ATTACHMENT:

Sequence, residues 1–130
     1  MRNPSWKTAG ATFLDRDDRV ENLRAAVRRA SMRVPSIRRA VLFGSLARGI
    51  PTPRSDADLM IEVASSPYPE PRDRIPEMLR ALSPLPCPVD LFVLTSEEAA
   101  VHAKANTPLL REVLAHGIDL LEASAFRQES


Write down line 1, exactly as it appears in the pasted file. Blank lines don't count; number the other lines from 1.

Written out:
Sequence, residues 1–130